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Summer Fun for Everyone

Sending Your Neurodivergent Child to Camp

Decision time! The school year will soon be ending, and you need to find the right camp to keep your kids constructively occupied for the summer: special interest or general outdoors, day or overnight, New England or local? So many options, so many ways to go wrong; who would have thought you’d be missing the daily hump to and from day school?
    If you are the parent of a neurodivergent child, those concerns may seem almost frivolous. Rather, you may be wondering whether it makes sense to send your child to camp at all, even if the alternative may mean the financial hardship of taking a leave of absence from a job or hiring individual supervision.
    Most child development experts agree that, in general, going to summer camp is good for children. According to Audrey Monke, the author of Happy Campers: Nine Summer Camp Secrets for Raising Kids Who Become Thriving Adults, the camp experience is particularly beneficial to neurodivergent children. While there are many iterations of neurodivergence, virtually all of them involve social and relationship difficulties, which summer camp is particularly well positioned to address. In school, the focus is on academics, in sports, on athletics; other than in a specialty program, however, in a summer camp, the focus is on relationships–actual relationships and relationship skills.
    So, what to look for? The short answer is a camp that can accommodate your child’s special needs. Dr. Gadi Fortune, a New Jersey psychologist, points out that much depends on where the child fits on a spectrum, regardless of the type of neurodivergence. “Whether autism spectrum disorder, learning disability or developmental delay,” he said, “is the child high functioning, does he show high or low independence? As a parent, you know the child best.”
    Dr. Fortune suggested tapping resources that you have already been using–such as affinity or advocacy groups–for recommendations. There are also secondary resources, such as schools or providers. “As the parent, you have some knowledge of these,” he added. “You have that background.”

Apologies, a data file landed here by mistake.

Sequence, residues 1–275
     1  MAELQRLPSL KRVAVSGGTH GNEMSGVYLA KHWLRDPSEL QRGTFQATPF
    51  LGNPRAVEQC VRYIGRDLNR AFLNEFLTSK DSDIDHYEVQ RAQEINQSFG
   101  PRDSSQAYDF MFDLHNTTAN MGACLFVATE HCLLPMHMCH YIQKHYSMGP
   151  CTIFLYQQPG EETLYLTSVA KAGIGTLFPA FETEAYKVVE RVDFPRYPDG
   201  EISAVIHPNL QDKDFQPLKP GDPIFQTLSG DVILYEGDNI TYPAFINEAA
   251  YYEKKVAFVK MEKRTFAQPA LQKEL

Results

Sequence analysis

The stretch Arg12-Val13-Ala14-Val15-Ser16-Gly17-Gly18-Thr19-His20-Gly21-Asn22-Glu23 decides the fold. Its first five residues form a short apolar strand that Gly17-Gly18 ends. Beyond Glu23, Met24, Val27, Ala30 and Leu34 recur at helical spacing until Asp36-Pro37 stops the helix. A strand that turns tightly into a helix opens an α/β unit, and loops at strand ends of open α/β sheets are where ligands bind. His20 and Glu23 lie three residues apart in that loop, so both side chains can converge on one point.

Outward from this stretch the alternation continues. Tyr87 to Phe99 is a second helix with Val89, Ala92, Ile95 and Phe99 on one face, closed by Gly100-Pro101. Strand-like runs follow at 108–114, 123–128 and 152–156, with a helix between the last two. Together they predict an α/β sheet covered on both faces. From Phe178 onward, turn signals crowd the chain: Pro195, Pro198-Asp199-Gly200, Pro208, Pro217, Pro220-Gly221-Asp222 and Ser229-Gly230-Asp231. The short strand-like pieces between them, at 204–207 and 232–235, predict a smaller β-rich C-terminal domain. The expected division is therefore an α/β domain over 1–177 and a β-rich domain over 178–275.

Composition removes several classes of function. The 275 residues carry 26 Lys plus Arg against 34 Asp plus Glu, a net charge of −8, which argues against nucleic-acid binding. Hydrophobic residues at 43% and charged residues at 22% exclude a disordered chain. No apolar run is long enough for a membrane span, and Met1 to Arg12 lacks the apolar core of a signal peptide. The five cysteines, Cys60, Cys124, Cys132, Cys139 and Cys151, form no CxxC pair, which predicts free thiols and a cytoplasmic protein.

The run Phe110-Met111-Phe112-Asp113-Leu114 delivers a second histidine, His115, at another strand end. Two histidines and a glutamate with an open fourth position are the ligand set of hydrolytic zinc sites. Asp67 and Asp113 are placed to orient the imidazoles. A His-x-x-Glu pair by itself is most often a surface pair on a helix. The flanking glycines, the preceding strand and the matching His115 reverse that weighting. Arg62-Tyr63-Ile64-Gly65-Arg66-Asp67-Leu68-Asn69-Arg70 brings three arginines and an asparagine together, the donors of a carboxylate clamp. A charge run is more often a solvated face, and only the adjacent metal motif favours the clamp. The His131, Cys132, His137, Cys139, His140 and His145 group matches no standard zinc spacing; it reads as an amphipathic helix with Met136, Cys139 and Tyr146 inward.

The first thing to ascertain is whether the camp is designed to accommodate the population to which your child belongs. Most places are required to have some accommodation. “There needs to be a protocol in place,” said Dr. Fortune, “but the parent needs to be careful with a cookie-cutter approach.”
    According to Ms. Monke, the right camp will have counsellors who will listen to the child and advocate for the child, based on his individual needs. While medical information, including any diagnosis, should be supplied to the medical staff, the counsellors need to be aware of what is going on from the child’s perspective.
 It is vital to talk to the camp director and to whoever is in charge of placing the campers. And, ask plenty of questions: What is the counsellor-to-camper ratio? What kind of training does the staff have? What is their experience with neurodivergent children? Does the camp emphasize demonstrations, hands-on learning and visual learning rather than just spoken instructions? Will there be a specific “go-to person” for the child? How does the camp deal with issues such as trouble sleeping, separation anxiety, meltdowns? Are there maps, charts, schedules and other visual aids that the child can use to orient himself? Are there quiet spaces for the child to access if he needs them? Does the camp teach or foster inclusion skills for everyone? Is the camp able to use whatever you have found that works at home if the child needs a break?
    Don’t be afraid to ask for references from families with children with issues similar to yours. And, be prepared to share information about your child with the staff—a well-prepared staff is more likely to support a positive experience for your child.
    But what about you? How do you deal with the anxiety of sending your precious, vulnerable child away? Dr. Fortune recommends that parents should take the opportunity to send the child away overnight to a more familiar place, such as to stay with grandparents or with cousins, both for the sake of the child and for the sake of the parent. “Be optimistic and retain a positive outlook. Rely on your strengths and what you have done before. Finally, address your anxiety. There is danger in overprotection, which can prevent your child from developing resilience,” he said. “It is a blessing that we live at a time when we have these resources and when there exists the research that can show us the way forward.” 

Sue Kleinberg is a contributing writer to Jlife Magazine.


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